A smart Sticky Footer technique

After hearing “sticky footer” these days, I would think most people imagine one position: sticky situation where a footer element appears on the screen while in the scrolling context of a parent element.

That’s not quite what I’m talking about here. “Sticky footers” was a UI concept before position: sticky existed and they mean something a little different. The idea is that they stick to the bottom of the screen even when the content on the page is not enough to push them there. But if there is enough content, they are happily pushed down.

We covered five ways to do this in recent years, which included techniques that are somewhat modern, including calc(), flexbox and CSS Grid.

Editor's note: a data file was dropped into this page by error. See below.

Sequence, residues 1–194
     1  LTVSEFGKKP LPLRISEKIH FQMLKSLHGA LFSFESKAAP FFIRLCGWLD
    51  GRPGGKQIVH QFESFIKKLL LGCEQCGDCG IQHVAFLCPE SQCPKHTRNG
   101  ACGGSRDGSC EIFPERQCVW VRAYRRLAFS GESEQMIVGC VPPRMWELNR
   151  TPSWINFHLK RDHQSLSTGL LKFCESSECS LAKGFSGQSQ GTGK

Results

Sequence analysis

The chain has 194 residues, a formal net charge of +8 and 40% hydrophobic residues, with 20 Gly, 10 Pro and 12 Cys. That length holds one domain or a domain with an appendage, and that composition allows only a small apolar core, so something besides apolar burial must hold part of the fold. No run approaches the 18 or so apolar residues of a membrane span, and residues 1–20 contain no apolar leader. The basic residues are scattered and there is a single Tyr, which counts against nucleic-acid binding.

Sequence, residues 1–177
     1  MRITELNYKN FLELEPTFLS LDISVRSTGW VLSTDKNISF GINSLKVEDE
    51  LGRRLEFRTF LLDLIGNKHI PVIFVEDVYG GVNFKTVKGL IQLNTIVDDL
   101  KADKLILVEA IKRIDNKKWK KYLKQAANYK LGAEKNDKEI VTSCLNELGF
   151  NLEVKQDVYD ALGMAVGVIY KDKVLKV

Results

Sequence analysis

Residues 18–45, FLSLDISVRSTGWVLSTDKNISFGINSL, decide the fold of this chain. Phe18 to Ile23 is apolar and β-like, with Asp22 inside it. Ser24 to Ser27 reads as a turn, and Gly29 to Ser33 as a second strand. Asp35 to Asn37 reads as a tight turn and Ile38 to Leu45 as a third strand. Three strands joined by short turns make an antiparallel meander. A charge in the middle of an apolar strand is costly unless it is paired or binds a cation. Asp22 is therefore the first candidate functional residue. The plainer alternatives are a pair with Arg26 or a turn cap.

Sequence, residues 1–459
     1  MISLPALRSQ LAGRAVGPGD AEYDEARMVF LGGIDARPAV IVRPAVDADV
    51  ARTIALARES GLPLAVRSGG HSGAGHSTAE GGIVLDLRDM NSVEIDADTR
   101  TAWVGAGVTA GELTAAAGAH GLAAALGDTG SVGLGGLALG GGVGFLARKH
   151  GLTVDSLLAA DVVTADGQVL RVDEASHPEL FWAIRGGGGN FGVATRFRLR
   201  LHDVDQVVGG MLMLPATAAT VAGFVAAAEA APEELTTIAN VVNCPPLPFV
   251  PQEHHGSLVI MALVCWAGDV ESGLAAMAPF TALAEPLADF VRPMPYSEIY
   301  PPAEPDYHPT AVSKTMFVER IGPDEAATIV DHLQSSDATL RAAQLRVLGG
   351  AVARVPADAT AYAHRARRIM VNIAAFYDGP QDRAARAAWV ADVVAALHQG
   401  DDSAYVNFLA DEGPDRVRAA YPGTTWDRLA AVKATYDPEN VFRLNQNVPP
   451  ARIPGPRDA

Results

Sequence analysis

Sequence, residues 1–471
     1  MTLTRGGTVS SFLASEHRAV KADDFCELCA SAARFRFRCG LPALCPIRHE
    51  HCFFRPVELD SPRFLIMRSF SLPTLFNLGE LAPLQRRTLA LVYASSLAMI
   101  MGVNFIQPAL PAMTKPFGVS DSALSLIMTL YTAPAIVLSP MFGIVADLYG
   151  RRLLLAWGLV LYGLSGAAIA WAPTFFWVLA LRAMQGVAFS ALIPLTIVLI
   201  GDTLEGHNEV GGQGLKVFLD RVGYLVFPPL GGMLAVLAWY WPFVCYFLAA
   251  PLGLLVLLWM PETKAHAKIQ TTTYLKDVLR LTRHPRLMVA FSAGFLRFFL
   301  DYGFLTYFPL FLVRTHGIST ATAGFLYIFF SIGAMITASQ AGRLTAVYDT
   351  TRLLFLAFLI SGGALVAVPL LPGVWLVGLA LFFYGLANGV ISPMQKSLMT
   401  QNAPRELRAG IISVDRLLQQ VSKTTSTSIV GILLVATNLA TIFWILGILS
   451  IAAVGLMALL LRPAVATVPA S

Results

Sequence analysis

Join a sixth challenger! Reader Silvio Rosa wrote with this:

(Probably easiest to check out on a medium-sized desktop screen, which is still a bit where sticky footers matter most.)

It’s pretty much just this:

html, body { height: 100%;}

body > footer {
  position: sticky;
  top: 100vh;
}

What I like about it is that it does not require any special extra wrapping for content without footer.

It’s also a little cerebral hemorrhage. When I see top: 100vh; I think well it will not work because it will push the footer outside the visible area. But that’s the smart thing. It will do so no matter how big the footer is (no magic numbers), and then the sticky positioning will “suck it up again” to stick along the bottom edge. But it will never overlap content, so it’s happy to be pushed down under content, which is a core bearing of the sticky footer pattern.

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